In this week’s edition of Social Scorecard, learn how Facebook Live helped make WMTW the market leader in social media actions. WMTW, Hearst’s ABC affiliate in Portland, Maine, holds a slight lead in social media actions in the market over the last six months according to data from audience insight firm Shareablee. WMTW has more […]
WMTW, Hearst’s ABC affiliate in Portland, Maine, holds a slight lead in social media actions in the market over the last six months according to data from audience insight firm Shareablee.
WMTW has more than 2 million actions on social, 26% of the total engagement generated by the DMA (No. 79), with more than 6.5 million social actions.
WCSH, Portland’s NBC affiliate owned by Tegna, led the market on Twitter with almost 29,000 actions. WCSH also led the market in actions per post with 195.
WHTP-FM, owned by Mainestream Media licensed to Kennebunkport, Maine, and broadcasting a Rhythmic Top 40 format, led the market on Instagram with more than 50,000 actions during the same period.
Amy Beveridge, WMTW’s news director, says the station’s use of Facebook Live during breaking news and severe weather is one reason why the station led the market.
“Back in July, we had seven tornado warnings in one day that was actually a record for an entire year. We had two meteorologists in-house and we were able to be on Facebook Live actually faster than we were able to be on air. So we were able to reach people right away.”
In October, a major wind storm knocked out power to half a million homes and businesses in the area, so the station turned to Facebook Live.
During the height of the storm,” says Craig Smith, WMTW’s digital media manager, “to be able to utilize Facebook Live to present the most up to date information really helped out a lot of people who had lost power. They couldn’t watch TV, all they had was their smartphone, so Facebook Live is certainly a powerful tool.”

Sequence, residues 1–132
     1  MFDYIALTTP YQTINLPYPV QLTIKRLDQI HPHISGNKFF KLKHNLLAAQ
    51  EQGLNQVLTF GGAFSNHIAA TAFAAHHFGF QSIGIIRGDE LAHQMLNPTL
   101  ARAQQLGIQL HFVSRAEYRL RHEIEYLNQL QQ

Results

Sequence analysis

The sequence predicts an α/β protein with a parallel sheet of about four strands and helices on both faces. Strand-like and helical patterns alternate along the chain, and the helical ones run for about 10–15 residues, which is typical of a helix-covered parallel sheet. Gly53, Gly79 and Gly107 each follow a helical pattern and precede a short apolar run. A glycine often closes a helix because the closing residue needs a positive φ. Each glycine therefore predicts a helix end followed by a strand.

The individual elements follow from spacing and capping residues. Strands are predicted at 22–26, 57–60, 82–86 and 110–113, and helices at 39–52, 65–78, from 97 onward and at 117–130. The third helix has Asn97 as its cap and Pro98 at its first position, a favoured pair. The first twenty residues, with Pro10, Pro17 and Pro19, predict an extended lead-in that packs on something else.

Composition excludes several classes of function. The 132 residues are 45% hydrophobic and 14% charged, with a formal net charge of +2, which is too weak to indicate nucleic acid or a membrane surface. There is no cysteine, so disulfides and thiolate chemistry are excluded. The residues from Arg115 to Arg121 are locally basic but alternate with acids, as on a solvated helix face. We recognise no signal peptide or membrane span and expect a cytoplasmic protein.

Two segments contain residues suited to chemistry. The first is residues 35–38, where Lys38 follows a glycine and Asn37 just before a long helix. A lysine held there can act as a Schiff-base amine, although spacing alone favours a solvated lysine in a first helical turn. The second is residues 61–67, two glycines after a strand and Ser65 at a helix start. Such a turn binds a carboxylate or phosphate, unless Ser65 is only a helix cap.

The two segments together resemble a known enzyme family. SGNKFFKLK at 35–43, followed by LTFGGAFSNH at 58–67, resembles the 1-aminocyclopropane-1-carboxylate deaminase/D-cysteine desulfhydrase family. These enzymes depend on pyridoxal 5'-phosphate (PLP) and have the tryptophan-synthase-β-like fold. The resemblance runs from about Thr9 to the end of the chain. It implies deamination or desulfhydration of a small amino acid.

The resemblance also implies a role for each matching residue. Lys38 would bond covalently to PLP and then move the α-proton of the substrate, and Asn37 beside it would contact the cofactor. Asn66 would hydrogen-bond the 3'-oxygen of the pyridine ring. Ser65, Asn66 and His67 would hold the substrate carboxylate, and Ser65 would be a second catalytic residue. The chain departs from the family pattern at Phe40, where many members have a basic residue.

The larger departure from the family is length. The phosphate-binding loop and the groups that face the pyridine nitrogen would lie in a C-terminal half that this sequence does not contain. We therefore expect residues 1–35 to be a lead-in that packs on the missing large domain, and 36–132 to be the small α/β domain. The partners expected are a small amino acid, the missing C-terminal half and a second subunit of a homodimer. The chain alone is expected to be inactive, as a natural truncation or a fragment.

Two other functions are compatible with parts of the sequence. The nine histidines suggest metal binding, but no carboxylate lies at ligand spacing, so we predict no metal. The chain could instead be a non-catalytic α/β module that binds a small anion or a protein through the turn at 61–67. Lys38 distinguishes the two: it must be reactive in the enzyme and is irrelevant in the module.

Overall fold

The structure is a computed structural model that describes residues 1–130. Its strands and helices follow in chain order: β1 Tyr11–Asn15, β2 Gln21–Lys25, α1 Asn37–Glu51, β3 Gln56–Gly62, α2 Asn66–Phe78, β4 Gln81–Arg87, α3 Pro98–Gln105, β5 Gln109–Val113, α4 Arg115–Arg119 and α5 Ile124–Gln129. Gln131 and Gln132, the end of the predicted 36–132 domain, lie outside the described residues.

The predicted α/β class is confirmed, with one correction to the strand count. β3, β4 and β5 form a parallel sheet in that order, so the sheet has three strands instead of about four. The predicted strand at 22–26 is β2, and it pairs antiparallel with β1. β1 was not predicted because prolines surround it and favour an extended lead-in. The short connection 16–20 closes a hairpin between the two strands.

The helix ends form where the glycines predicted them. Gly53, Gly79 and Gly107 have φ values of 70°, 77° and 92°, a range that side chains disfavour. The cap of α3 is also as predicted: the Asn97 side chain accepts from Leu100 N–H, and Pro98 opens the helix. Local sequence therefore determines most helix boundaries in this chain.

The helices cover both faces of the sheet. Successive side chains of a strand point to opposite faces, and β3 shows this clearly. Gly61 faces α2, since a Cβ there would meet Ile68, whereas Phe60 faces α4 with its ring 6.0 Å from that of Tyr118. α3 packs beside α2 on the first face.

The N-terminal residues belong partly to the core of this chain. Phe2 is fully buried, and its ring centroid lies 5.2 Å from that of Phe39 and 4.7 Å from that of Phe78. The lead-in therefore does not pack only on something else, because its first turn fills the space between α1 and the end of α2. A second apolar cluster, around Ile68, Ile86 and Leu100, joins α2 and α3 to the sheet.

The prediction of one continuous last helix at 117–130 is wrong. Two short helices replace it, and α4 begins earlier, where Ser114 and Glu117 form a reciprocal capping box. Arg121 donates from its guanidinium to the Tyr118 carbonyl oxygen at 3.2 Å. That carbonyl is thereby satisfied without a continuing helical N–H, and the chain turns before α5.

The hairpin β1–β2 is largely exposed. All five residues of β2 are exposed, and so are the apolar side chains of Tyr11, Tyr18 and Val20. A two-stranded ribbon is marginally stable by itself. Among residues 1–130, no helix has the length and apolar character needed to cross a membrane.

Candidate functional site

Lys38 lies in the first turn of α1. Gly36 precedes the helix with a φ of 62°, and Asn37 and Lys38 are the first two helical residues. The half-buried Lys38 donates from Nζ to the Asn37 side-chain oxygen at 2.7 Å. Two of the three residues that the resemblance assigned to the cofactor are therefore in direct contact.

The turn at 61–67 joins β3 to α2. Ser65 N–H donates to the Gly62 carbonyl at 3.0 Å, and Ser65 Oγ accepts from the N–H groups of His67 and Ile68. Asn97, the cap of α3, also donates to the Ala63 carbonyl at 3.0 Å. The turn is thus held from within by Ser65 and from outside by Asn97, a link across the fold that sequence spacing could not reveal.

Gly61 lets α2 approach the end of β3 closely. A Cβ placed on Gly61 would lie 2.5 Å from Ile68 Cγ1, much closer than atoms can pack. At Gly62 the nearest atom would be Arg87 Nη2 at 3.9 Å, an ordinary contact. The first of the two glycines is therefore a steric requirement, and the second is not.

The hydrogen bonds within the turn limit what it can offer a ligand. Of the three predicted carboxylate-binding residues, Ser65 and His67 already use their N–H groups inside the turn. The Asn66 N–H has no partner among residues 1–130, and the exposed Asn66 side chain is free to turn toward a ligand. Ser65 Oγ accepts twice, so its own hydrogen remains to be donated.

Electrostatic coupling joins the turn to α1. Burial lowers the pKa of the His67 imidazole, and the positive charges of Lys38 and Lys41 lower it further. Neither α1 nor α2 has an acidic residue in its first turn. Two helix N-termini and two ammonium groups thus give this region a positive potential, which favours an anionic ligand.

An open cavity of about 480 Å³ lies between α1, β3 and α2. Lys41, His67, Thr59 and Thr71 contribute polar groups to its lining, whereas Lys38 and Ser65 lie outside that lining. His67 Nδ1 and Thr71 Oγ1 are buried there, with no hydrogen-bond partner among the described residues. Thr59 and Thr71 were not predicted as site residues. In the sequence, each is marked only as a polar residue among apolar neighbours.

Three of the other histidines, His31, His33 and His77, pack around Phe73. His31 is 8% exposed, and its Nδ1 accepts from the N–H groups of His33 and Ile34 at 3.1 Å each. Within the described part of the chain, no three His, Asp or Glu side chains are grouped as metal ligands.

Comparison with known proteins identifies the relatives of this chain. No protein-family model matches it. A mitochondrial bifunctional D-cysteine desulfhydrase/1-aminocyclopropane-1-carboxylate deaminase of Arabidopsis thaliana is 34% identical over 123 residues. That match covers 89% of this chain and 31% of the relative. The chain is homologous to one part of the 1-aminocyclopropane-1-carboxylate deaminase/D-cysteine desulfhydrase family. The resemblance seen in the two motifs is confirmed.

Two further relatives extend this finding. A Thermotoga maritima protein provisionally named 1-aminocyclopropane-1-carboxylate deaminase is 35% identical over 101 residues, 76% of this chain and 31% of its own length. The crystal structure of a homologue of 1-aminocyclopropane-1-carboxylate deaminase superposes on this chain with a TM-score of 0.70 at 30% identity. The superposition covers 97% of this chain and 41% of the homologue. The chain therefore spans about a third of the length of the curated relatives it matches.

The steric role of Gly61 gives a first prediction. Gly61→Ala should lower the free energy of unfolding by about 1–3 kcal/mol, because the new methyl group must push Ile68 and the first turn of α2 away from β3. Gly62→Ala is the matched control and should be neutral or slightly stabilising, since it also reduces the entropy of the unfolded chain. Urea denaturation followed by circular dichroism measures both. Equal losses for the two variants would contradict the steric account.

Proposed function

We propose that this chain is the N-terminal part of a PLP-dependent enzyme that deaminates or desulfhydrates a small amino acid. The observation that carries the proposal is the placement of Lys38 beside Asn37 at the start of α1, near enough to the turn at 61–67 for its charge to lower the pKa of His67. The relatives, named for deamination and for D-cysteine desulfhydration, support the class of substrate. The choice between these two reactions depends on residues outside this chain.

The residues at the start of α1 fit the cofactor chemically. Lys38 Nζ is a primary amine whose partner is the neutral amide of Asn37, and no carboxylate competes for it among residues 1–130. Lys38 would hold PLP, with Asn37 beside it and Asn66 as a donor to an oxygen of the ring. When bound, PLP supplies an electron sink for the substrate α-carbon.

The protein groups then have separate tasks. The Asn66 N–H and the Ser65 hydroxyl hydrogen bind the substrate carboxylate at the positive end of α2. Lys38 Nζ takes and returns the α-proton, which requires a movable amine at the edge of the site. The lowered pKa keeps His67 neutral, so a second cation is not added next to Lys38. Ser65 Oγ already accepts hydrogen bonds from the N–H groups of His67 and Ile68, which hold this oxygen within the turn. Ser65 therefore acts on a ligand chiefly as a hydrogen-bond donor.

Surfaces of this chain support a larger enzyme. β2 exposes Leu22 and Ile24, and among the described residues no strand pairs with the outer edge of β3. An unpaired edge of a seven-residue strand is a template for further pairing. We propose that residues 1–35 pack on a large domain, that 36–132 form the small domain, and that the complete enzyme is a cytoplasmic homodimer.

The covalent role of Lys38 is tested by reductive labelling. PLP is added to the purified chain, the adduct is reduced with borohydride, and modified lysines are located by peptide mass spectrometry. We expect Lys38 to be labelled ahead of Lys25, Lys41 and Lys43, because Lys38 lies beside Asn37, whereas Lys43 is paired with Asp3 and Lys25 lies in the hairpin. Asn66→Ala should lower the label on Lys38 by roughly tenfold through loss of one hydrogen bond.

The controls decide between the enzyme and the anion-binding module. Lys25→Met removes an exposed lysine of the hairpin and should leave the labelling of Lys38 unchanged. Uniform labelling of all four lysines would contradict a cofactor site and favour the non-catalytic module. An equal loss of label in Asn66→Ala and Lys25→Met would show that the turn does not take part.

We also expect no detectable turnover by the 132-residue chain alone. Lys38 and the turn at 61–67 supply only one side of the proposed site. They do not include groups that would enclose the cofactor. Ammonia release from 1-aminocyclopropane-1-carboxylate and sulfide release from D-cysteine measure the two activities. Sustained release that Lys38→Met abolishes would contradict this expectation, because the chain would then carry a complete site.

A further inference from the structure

Politics and state government also got lots of engagement via Facebook Live for WMTW.
A budget impasse that threatened to shut down the state was the subject of several successful Facebook Lives by the station’s political reporter, Paul Merrill. The station passed along questions and comments from users to Merrill during his interviews.
“Our political reporter was obviously there covering it almost 24/7,” says Beveridge, “and he did exclusive interviews on Facebook Live with the power players. Some of those were pretty successful.”
But one of the station’s most successful Facebook Lives, a funeral procession, had no audio at all.
“We had a Marine from Maine who was killed in a helicopter crash,” says Beveridge, “and we had a Facebook Live of his casket coming off of the plane to begin the convoy up to Maine. There wasn’t even any audio to it. It was just something that people just wanted to watch and it really touched people.”
Facebook Live, says Beveridge, can be used as a tool to heighten interest and drive viewers to the station’s newscasts, like the series the station did on opioid addiction.
“Just a couple hours prior to that, we did our own Facebook Live with an in-studio interview with people who worked in the recovery community. They can be really useful to promote to that special.”
Both Beveridge and Smith say WMTW’s connection to the community helps drive its successful Facebook strategy.
“I think of the boy who had cancer,” says Beveridge, “and his last wish was to get Christmas cards from as many people as possible. That story really, really took off.”
“Even people across the country were seeing his story and reacting to it in a positive way,” says Smith.
Facebook stories like that are where “you can really touch people in a real heart-warming way,” he says.
Beveridge says uplifting stories about people in the community on Facebook is transforming how her station covers the news on broadcast.
“Before Facebook, you didn’t see as much of those sorts of stories in a newscast, and now you will. Take that story, for example, we were able to really advance it by picking up the popularity of it on social media then advancing it through the newscast.”
While Beveridge admits the station’s makes little money from Facebook, the platform is a vital part of WMTW’s marketing.
“An interactive promotional tool that gives people stories they care about, that’s invaluable. So it might not be a money amount that’s attached to it, but the word of mouth that comes from it is so important.”